What One Thing Do You Want to Change about Your Life?

Change is, as they say, an inevitable fact of life. However, it’s not always so easy to make those changes that you most desire. By adopting the mindset of the "agile innovator,” however, those changes might be easier to tackle than you think.

Racial Anxiety Can Perpetuate Racial Inequalities

Sometimes the best way to reduce racial anxiety is the easiest: By hanging out together.

4 Ways Our Relationships Change Who We Are

By Gwendolyn Seidman Ph.D. on December 16, 2014 in Close Encounters
When we are involved in serious romantic relationships, we find ourselves turning from a “me” to an “us”. That means that as we become increasingly committed to our partners, we find our self-concept actually changing. The “us” becomes “me”. But how does our self-concept change, and are these changes good or bad for us and for our relationships?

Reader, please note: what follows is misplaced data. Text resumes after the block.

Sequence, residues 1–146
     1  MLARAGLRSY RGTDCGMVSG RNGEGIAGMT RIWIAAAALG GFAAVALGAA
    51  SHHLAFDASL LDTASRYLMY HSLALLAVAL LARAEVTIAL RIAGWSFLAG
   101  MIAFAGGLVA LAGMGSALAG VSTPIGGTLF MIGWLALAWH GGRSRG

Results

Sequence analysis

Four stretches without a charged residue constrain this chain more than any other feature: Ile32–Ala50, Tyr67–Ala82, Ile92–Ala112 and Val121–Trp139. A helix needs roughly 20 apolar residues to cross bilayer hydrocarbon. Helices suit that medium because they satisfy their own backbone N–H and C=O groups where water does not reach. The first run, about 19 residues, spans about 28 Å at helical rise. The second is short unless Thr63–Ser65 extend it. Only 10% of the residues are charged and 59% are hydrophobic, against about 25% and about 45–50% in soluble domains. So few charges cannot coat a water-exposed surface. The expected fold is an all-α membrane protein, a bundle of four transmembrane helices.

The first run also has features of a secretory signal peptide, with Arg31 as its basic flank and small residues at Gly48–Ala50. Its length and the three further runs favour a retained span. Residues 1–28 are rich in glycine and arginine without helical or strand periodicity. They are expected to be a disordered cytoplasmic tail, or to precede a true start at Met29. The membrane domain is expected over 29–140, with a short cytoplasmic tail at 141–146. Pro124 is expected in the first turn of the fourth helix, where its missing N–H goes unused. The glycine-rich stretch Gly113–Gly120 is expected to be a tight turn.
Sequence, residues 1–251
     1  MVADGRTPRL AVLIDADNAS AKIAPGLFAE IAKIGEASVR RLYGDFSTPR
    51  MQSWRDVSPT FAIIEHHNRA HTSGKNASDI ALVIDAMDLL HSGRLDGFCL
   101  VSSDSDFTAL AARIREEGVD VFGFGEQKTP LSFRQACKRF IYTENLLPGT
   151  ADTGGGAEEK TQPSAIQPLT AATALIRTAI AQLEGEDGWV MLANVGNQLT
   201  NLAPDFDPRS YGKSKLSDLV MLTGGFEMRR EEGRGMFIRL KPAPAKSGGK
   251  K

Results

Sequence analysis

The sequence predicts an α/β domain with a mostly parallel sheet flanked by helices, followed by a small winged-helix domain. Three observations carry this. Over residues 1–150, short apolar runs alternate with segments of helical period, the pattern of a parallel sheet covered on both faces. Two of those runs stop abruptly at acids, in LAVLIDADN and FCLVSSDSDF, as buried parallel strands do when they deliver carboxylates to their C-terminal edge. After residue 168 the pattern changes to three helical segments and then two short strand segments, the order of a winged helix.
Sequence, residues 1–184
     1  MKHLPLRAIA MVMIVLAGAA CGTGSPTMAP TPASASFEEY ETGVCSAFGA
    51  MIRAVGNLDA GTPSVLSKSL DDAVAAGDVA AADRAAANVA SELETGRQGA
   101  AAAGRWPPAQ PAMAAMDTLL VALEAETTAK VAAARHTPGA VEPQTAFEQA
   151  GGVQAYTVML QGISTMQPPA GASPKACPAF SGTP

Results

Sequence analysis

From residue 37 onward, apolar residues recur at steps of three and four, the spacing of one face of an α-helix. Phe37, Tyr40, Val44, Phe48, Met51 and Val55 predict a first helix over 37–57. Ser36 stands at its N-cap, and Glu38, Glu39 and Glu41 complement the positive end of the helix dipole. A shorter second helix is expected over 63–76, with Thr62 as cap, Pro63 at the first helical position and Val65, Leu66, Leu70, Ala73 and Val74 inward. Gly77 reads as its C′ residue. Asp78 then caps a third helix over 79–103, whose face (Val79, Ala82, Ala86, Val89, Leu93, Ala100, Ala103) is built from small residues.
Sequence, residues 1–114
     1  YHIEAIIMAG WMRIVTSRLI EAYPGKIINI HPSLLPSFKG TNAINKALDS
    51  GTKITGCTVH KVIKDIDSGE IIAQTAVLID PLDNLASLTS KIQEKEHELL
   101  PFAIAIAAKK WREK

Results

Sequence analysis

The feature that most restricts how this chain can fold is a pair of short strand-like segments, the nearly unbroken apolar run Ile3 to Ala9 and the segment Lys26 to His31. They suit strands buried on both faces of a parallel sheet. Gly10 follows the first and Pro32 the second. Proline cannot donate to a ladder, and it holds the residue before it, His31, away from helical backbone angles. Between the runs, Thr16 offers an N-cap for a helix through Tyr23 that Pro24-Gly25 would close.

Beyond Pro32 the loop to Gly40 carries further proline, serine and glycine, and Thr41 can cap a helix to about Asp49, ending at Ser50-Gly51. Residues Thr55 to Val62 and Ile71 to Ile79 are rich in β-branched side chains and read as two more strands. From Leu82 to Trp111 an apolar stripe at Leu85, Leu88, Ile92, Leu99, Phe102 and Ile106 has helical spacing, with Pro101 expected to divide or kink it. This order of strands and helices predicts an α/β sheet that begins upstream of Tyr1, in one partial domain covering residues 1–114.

The Psychology of Brazilian Jiu Jitsu

By David J Ley Ph.D. on December 14, 2014 in Women Who Stray
Brazilian Jiu Jitsu is the fastest growing and most popular martial art of recent years. Beyond its effectiveness in MMA, BJJ inspires powerful dedication and commitment in its students. BJJ taps into many powerful aspects of human psychology, inspiring devotion and promoting personal growth in its students.

If Santa Were Real

By Marty Nemko Ph.D. on December 14, 2014 in How To Do Life
17 questions to help you figure out what you want, what you really want.